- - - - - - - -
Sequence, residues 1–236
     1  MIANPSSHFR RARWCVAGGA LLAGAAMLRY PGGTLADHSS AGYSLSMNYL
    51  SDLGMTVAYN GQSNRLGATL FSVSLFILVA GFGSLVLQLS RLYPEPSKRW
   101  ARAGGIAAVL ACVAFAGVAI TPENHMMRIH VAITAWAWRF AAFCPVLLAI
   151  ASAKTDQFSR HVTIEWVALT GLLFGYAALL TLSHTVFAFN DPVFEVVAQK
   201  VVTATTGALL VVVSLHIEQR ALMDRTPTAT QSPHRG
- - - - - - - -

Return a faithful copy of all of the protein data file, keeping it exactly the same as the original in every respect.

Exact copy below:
Sequence, residues 1–236
     1  MIANPSSHFR RARWCVAGGA LLAGAAMLRY PGGTLADHSS AGYSLSMNYL
    51  SDLGMTVAYN GQSNRLGATL FSVSLFILVA GFGSLVLQLS RLYPEPSKRW
   101  ARAGGIAAVL ACVAFAGVAI TPENHMMRIH VAITAWAWRF AAFCPVLLAI
   151  ASAKTDQFSR HVTIEWVALT GLLFGYAALL TLSHTVFAFN DPVFEVVAQK
   201  VVTATTGALL VVVSLHIEQR ALMDRTPTAT QSPHRG